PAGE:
In addition, children born to mothers who drank the contaminated water at Camp Lejeune were four times more likely to develop birth defects, such as spina bifida. Further, these babies had a slightly elevated risk of childhood cancers.


The Camp Lejeune Justice Act of 2022 is a bipartisan bill that will permit those who were exposed to contaminated Camp Lejeune drinking water between 1953 and 1987 to file a claim. Claims will be filed in the U.S. District Court for the Eastern District of North Carolina. 

The bill was co-sponsored by five Democrats and four Republicans that aims to ensure those suffering illnesses and injuries after exposure to toxic water at Camp Lejeune will receive just compensation for their health conditions. 

The bill has been rolled into the larger Honoring our PACT Act, a bill aimed at addressing toxic exposure during military service. The Pact ACT has passed the House of Representatives and is expected to be signed into law by President Biden.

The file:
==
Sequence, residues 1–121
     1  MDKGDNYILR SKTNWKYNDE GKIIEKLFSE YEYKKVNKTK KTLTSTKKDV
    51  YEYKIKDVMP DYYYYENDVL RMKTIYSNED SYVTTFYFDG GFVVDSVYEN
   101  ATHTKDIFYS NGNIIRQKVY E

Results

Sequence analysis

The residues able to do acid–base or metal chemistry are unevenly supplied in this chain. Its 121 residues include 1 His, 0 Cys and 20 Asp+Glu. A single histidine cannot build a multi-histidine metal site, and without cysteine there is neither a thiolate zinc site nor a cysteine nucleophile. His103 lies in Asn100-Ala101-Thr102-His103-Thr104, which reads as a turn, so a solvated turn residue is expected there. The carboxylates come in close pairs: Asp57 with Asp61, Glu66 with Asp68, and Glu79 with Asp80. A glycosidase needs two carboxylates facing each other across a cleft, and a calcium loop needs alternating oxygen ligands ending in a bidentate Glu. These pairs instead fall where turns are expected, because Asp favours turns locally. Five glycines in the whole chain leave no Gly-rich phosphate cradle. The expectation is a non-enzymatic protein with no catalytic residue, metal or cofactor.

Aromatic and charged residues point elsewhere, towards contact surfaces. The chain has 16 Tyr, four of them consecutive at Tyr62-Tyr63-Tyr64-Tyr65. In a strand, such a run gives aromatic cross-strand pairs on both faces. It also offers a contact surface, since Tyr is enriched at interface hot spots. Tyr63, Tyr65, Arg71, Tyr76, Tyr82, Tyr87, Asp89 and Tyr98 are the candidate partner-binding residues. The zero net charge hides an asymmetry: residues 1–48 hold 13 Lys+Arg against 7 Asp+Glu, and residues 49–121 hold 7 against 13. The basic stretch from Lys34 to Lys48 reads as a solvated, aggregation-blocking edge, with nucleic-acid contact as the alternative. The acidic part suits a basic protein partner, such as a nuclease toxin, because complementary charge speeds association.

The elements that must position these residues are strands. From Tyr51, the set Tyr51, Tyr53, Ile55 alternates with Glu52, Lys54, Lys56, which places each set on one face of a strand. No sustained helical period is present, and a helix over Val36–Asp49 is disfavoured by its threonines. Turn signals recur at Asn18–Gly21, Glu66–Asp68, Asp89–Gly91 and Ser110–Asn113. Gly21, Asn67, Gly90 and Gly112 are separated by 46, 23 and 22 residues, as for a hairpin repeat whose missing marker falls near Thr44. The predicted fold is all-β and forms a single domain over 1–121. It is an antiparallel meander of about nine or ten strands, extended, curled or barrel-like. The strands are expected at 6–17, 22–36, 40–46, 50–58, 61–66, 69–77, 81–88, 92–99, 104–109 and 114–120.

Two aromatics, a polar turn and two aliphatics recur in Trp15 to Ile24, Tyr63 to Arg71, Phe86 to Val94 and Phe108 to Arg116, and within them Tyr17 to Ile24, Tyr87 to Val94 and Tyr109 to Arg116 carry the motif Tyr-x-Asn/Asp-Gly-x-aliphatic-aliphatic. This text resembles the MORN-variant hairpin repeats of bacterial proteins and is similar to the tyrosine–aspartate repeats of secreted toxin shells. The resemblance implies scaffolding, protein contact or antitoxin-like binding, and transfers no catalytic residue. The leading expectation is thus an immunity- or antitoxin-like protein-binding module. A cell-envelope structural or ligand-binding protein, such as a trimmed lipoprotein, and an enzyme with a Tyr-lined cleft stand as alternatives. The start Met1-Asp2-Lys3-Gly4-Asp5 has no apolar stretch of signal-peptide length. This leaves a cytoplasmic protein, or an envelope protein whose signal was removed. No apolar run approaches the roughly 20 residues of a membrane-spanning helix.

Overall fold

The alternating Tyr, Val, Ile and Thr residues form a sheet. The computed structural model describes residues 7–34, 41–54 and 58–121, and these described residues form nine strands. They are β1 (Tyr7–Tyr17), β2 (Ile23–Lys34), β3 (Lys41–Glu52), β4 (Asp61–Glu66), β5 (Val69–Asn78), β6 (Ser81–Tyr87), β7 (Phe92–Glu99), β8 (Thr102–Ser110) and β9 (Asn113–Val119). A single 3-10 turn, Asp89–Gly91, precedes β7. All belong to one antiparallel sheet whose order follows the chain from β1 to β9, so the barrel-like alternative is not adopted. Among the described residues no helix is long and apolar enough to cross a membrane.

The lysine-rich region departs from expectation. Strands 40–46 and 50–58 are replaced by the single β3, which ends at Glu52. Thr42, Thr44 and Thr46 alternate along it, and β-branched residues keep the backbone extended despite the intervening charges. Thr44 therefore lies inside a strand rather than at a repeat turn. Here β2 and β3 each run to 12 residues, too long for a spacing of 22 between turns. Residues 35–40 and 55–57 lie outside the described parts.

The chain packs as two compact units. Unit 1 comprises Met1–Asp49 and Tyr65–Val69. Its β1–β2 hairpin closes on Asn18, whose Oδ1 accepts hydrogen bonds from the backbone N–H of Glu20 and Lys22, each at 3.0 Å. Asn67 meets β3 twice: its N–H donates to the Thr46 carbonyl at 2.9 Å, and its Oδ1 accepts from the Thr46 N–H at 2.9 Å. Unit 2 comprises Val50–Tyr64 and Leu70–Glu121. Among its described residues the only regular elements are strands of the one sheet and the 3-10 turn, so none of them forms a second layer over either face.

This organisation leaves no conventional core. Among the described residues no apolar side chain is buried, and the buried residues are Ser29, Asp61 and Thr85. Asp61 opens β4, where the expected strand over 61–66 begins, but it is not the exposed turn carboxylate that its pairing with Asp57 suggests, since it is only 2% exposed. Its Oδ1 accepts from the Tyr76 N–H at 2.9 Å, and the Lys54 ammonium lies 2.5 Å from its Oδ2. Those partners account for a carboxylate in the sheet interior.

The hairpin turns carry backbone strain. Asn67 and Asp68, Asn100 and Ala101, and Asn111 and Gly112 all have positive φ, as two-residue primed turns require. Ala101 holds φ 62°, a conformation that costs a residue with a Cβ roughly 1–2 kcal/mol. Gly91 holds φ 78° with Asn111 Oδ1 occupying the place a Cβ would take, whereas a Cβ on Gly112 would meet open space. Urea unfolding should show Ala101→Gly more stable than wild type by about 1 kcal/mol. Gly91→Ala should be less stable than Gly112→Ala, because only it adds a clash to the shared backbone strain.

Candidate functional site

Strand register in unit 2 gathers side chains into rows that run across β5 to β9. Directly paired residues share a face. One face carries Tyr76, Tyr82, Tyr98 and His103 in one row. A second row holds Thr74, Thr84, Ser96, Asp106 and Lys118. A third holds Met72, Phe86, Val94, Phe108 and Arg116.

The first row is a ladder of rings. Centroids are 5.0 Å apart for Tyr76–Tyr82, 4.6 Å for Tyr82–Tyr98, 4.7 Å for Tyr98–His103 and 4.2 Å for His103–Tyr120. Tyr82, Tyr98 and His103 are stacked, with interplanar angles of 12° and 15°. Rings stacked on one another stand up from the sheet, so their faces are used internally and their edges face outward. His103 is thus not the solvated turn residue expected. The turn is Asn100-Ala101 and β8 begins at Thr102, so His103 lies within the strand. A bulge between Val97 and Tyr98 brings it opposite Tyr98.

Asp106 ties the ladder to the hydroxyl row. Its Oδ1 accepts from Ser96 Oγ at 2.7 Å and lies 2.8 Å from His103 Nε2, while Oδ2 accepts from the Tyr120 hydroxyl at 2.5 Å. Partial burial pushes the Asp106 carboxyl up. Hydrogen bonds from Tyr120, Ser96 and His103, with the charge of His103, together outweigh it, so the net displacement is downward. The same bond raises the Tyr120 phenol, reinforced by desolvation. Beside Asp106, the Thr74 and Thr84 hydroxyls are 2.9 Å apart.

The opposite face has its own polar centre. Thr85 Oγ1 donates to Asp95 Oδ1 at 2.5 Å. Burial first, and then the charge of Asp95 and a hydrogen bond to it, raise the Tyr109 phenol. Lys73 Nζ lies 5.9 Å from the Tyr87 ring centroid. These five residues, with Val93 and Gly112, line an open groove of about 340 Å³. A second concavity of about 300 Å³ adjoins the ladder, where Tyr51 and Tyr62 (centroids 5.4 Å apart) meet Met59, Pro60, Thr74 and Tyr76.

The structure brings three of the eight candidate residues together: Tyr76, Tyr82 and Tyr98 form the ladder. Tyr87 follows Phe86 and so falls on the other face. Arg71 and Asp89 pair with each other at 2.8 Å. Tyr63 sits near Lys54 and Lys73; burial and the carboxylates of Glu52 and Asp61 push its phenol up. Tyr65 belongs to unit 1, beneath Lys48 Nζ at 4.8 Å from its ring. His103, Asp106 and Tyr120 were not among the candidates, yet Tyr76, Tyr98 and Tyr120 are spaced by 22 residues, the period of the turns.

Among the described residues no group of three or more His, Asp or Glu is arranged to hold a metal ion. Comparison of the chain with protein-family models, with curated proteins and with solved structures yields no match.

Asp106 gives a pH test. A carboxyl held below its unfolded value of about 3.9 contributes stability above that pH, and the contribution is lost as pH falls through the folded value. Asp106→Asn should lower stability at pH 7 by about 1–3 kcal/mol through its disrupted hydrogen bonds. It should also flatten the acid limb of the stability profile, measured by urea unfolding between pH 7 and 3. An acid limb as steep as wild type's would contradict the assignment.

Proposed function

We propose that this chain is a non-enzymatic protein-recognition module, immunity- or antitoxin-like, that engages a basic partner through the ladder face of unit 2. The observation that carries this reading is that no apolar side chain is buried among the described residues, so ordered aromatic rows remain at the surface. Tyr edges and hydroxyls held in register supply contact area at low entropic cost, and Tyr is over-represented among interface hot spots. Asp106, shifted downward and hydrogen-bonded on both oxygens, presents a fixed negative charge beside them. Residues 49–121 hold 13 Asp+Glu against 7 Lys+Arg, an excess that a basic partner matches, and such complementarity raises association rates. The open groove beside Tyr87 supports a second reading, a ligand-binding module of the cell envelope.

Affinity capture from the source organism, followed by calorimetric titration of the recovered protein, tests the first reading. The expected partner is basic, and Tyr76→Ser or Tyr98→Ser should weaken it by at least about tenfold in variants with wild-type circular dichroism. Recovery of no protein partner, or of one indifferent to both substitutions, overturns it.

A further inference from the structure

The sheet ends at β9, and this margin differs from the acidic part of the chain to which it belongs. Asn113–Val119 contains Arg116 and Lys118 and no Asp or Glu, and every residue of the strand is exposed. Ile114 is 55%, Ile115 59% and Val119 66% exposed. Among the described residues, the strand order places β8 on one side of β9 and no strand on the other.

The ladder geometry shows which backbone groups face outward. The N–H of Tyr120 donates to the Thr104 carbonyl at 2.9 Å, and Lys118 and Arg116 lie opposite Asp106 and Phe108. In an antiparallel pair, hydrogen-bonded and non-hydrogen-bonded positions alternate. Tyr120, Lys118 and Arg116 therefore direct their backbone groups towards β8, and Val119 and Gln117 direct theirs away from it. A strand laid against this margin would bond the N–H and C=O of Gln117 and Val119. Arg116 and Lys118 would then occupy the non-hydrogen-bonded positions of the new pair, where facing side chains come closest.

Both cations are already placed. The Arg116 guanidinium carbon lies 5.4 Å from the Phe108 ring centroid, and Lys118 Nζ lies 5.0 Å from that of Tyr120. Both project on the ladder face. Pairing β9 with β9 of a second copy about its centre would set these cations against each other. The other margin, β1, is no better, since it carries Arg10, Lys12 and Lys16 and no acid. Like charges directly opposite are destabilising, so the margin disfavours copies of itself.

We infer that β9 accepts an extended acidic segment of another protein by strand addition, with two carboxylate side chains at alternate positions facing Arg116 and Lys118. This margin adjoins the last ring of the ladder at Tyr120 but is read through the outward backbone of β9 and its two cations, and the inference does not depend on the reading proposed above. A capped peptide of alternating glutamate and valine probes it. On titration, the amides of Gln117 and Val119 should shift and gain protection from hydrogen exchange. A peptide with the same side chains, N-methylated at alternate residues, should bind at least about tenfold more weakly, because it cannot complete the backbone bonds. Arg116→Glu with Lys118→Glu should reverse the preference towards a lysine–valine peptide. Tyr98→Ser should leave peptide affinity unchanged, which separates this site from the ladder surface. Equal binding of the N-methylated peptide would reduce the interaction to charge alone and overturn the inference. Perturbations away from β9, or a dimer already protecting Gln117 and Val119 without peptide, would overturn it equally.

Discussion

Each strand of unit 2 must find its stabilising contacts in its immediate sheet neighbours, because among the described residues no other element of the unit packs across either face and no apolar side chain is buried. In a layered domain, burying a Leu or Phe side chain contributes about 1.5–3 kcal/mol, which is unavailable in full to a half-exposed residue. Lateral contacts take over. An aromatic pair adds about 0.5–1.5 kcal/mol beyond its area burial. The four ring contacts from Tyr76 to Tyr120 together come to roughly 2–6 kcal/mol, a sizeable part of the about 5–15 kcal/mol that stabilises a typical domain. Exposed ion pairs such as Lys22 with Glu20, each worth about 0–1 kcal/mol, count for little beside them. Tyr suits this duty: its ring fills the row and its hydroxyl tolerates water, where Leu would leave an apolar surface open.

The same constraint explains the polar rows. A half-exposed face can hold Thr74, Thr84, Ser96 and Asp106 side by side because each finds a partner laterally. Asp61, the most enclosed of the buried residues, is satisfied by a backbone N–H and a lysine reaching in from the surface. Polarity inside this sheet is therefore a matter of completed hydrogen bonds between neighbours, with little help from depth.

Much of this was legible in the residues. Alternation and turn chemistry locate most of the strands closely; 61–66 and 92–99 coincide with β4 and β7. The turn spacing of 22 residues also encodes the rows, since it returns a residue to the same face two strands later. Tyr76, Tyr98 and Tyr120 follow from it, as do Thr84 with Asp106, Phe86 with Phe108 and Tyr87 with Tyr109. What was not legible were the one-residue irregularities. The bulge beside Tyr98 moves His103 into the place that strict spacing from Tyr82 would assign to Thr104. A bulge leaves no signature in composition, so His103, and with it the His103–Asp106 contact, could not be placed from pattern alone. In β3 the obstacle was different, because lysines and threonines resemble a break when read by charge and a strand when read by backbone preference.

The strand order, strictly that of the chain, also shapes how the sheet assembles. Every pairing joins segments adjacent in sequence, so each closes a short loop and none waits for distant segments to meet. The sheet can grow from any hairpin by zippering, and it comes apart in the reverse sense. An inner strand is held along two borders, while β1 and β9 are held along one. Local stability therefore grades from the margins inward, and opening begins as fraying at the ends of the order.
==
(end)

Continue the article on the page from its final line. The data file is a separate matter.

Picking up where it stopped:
FAQs About Your

VA Disability Claim

Can I receive VA disability compensation and continue to work?
In the Social Security disability system, in order to receive benefits, the standard is, "you are not capable of any form of gainful employment.” Unlike Social Security Disability, you can work while receiving VA disability compensation. Your VA disability benefits is based on how your service-connected disabilities impact your ability to work.
Can I receive VA disability compensation and Social Security Disability benefits at the same time?